LONDON – Markets fell on the news Tuesday that coalition government talksin Greece have failed after nine days of discussions, meaning thecountry is heading for another election next month. The worry in the markets is that the next round may lead to thetriumph of parties that want to scrap the country's bailoutagreements with international creditors, which would put Greece'smembership of the euro into jeopardy. The left-wing Syriza party,which came second in the vote on May 6, has said the draconianterms of Greece's financial rescue agreements be scrapped orrewritten. Any faint hopes that the parties would come to an agreement weredashed when Evangelos Venizelos, the leader of the PASOK socialistparty said the talks had failed and another election would be held. "For the moment, Greek headlines rule the day," said VassiliSerebriakov, an analyst at Wells Fargo Bank. |
Having enjoyed some support early in the session, stocks in Europewere falling again, particularly in Athens, where the main exchangewas down another 4.6 percent. Among Europe's main markets, the FTSE 100 index of leading shareswas down 0.4 percent at 5,443 while Germany's DAX fell 1 percent to3,389. The CAC-40 in France was 0.5 percent lower at 3,044. Theeuro also fell, trading 0.3 percent lower at $1.2794. Wall Street opened steadily, helped by a strong manufacturingsurvey for the New York region and upbeat retail sales figures forApril — the Dow Jones industrial average up 0.1 percent at12,708 and the broader S&P 500 index the same rate higher at1,340.
The focus over the coming weeks will likely center on Greece. Withopinion polls showing increasing support for Syriza, analystsexpect a showdown between whatever new government comes to power inGreece and the country's bailout rescuers. Earlier, stocks in Europe had been buoyed by the surprise news thateurozone economy did not fall into recession in the first quarterof the year. Output was flat compared with the previous three-monthperiod, better than the 0.2 percent drop that analysts had beenexpecting.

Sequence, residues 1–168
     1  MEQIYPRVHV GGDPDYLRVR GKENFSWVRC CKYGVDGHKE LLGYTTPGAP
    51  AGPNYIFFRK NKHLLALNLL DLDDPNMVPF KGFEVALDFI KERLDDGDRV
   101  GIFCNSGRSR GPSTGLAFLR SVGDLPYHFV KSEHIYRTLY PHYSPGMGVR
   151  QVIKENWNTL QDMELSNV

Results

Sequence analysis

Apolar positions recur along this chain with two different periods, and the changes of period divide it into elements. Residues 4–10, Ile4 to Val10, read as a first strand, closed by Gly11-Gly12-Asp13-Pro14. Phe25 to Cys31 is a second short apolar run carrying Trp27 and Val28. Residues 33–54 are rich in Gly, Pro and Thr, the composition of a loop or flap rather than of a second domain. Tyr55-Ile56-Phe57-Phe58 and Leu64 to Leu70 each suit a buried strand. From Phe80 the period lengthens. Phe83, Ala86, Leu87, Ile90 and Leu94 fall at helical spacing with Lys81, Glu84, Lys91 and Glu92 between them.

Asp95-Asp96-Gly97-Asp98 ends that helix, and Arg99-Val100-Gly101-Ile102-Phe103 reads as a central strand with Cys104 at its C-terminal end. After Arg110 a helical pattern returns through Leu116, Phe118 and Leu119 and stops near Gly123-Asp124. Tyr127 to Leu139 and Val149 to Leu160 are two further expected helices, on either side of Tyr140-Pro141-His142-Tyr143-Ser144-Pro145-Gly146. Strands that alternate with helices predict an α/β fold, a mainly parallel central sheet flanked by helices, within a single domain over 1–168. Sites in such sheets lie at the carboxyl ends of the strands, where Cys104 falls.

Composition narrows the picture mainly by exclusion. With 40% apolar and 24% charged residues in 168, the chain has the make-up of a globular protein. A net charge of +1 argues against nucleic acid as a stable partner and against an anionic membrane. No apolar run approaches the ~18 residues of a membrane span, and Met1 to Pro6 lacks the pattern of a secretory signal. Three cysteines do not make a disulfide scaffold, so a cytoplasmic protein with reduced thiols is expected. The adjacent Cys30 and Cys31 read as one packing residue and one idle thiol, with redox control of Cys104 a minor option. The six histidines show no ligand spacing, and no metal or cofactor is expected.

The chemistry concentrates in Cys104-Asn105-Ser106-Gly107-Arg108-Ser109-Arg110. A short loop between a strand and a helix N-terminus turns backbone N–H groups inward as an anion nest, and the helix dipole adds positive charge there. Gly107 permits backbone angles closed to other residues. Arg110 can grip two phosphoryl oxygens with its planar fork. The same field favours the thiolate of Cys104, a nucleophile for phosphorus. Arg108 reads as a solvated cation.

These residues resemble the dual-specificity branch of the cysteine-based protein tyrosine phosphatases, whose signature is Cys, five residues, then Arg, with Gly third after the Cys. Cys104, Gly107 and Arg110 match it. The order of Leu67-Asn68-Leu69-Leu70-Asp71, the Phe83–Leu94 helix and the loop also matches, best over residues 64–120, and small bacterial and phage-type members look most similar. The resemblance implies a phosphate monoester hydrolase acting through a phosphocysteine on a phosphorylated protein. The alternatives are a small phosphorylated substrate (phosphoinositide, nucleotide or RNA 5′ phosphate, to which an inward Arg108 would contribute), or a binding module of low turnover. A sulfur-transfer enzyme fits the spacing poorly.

A drop would have put the eurozone technically back intorecession, which is defined as two consecutive quarters of economiccontraction. "In the current context, zero growth in the eurozone in the firstquarter is relatively good news," said Marie Diron, senior economicadviser at Ernst & Young. "It suggests that the economy is notfalling off a cliff under the burden of fiscal austerity." Asian markets fell earlier on Tuesday, with Japan's Nikkei 225 down0.8 percent to 8,900.74, its lowest close since Feb. 3. SouthKorea's Kospi lost 0.8 percent to 1,898.96.
Australia's S&P/ASX200 lost 0.7 percent to 4,266.30. Mainland Chinese shares extended their losses, with the ShanghaiComposite Index hitting another three-month low, losing 0.2 percentto 2,374.90. But Hong Kong's Hang Seng, which some analysts saidwas oversold after more than a week of losses, rebounded 0.8percent to 19,894.31. Benchmark oil for June delivery was up 2 cents to $94.80 a barrelin electronic trading on the New York Mercantile Exchange. Thecontract fell $1.35 to settle at $94.78 in New York on Friday.
___ Pamela Sampson in Bangkok contributed to this report.
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